Campbell's Weighs in on TCO, CustomizationPosted on December 15th, 2016 by vapro
Few companies in the U.S., or the world for that matter, are as easily identifiable by their package as the Campbell Soup Company. A long time proponent of advertising, the Camden, New Jersey-based food processor is as recognizable for its “Mmm, Mmm Good” slogan and iconic soup can as it is for the contents inside. Andy Warhol’s interpretation of the can during the pop art movement of the 1960s only pushed Campbell’s brand recognition to greater heights.
Perhaps longstanding brand awareness, and recognition of the vital role packaging plays, are some of the reasons Jim Prunesti, vice president/global engineering, has such a great partnership with his procurement group. A 30-year veteran of consumer packaged goods and food industries, with stops at Kraft Foods, Nabisco and L’Oreal, Prunesti now secures machinery for not only the soups, but also Campbell’s snack and health beverage divisions.
“We do it collaboratively,” he says. “We have a process matrix that we go through and evaluate the strengths and weaknesses of each proposal that we will get back. Then we will make a decision together. The engineering team is responsible for choosing the best technical solution that includes total cost of ownership (TCO) and the finance procurement team works hand in hand with us in working out the final commercial terms of the purchase.”
Each collaboration begins with a requirements document containing both the financial and technical solutions. Prunesti, his team, and procurement then review with a common goal in mind.
“They are co-owners with us on the total cost of ownership model,” he says. “The ongoing cost, performance, rebuild timing and costs, etc., is just as important as the capital price.”
TCO taking over
From his experience and interactions with peers in the food industry, he would likely advise machinery OEMs to embrace all things TCO. Other food processors big and small are embracing the TCO model, reinforcing Prunesti’s take that he faces the same challenges as his colleagues—and competitors.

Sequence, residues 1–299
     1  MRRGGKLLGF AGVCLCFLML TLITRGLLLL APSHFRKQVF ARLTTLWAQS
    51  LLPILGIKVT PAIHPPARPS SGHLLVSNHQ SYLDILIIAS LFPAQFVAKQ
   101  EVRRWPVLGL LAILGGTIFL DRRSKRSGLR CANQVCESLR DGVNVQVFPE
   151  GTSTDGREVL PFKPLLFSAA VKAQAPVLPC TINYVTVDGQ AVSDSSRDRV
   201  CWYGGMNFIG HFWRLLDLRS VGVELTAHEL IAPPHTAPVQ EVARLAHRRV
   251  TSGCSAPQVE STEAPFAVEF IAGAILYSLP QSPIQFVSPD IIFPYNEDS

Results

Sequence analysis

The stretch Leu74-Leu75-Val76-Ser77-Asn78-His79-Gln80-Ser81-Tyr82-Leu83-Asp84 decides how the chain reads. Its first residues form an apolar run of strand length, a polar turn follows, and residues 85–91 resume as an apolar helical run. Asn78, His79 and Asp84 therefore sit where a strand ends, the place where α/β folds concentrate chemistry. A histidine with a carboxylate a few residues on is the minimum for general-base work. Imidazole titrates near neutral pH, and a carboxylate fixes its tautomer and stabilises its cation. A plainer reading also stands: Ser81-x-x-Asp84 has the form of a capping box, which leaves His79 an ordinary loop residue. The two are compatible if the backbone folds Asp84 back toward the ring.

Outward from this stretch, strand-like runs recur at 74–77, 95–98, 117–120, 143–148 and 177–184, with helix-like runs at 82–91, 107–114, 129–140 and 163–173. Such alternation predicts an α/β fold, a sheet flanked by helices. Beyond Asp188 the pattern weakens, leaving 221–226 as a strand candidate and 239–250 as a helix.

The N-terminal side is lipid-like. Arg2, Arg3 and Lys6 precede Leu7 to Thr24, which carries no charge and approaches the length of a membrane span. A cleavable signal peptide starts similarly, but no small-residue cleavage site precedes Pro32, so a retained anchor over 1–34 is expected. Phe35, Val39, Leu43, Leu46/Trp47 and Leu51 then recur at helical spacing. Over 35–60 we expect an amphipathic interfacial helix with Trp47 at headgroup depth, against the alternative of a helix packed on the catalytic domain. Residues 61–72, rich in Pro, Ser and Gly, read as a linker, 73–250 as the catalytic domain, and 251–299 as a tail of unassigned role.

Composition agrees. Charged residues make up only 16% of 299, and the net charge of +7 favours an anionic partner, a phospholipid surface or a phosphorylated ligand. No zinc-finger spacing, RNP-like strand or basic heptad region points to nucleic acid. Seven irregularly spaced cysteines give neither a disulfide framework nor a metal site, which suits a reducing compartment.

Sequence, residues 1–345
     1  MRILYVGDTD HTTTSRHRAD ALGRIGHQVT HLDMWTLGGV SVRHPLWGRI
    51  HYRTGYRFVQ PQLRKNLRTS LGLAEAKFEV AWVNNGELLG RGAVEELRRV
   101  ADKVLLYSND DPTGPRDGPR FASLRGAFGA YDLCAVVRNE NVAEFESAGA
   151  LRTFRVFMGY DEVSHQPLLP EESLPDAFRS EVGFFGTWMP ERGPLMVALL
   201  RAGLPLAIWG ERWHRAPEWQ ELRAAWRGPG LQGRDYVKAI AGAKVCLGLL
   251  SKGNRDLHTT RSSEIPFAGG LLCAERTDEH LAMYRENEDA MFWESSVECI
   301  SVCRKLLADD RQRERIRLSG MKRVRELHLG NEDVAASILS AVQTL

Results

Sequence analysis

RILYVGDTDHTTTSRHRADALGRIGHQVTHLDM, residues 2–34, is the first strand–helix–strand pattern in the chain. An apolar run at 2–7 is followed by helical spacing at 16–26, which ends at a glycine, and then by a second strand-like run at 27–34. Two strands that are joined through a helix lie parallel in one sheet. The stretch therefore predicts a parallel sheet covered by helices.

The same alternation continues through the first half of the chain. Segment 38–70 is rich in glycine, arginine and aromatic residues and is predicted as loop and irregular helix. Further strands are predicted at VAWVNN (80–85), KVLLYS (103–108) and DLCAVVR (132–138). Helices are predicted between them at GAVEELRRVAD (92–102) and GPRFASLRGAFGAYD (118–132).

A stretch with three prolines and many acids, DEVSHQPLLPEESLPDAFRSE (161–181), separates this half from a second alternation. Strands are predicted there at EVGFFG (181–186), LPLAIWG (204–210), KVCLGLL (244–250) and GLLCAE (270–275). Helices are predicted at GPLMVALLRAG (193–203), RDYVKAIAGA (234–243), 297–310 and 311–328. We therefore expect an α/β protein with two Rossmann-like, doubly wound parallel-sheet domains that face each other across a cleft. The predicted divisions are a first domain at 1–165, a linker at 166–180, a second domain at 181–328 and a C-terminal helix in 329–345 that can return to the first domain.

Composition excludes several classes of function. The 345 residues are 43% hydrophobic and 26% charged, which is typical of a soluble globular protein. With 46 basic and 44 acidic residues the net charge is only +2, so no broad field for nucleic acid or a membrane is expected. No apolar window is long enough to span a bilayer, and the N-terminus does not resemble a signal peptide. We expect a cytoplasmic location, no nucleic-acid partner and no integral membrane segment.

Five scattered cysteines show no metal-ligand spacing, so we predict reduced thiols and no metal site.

“I think there is a trend in not just the food industry, but the whole CPG industry,” he says. “We have more common challenges than we have unique challenges, especially when you think about capital investment and what we are trying to deliver. It’s total cost of ownership and lowest cost solutions. It’s speed to market, asset performance, sanitary design, quick changeovers, flexibility, and capability. Can we adapt the equipment to do something different because that product lifecycle or that package format may change?”
In addition to TCO and all its components, Prunesti sees the same focus on ergonomics, safety, and sanitary design. One place he turns for assistance with hammering out the specifics of these factors is PMMI’s OpX Leadership Network (formerly the Alliance for Innovation and Operational Excellence).
“We participate pretty actively with that initiative,” he says. “We have a number of folks on my team that participate in their sanitary design standards, on TCO standards, on the factory acceptance testing standards, and things of that nature.”
He also appreciates OpX for its inclusive approach, something he felt the industry has lacked. In his opinion, OEMs and packaging developers too often were the only ones invited to the table, unintentionally leaving out packaging engineers.